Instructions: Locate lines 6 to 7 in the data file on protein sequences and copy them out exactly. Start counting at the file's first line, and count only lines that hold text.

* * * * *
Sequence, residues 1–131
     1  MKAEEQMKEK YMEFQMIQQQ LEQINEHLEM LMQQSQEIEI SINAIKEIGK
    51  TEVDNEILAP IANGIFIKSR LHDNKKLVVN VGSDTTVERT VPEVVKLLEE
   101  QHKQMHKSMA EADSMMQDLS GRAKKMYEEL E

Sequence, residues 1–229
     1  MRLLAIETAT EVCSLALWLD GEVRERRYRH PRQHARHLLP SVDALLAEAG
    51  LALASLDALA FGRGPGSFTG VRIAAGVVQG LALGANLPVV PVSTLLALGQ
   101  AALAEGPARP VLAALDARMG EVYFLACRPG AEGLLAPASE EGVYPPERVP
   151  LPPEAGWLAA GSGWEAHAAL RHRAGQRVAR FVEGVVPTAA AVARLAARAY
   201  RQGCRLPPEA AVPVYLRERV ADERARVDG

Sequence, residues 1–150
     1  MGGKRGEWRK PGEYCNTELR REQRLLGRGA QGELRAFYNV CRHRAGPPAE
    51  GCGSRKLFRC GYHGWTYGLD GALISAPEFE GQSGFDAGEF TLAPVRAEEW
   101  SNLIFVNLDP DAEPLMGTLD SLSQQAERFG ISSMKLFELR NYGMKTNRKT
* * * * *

     1  MRLLAIETAT EVCSLALWLD GEVRERRYRH PRQHARHLLP SVDALLAEAG
    51  LALASLDALA FGRGPGSFTG VRIAAGVVQG LALGANLPVV PVSTLLALGQ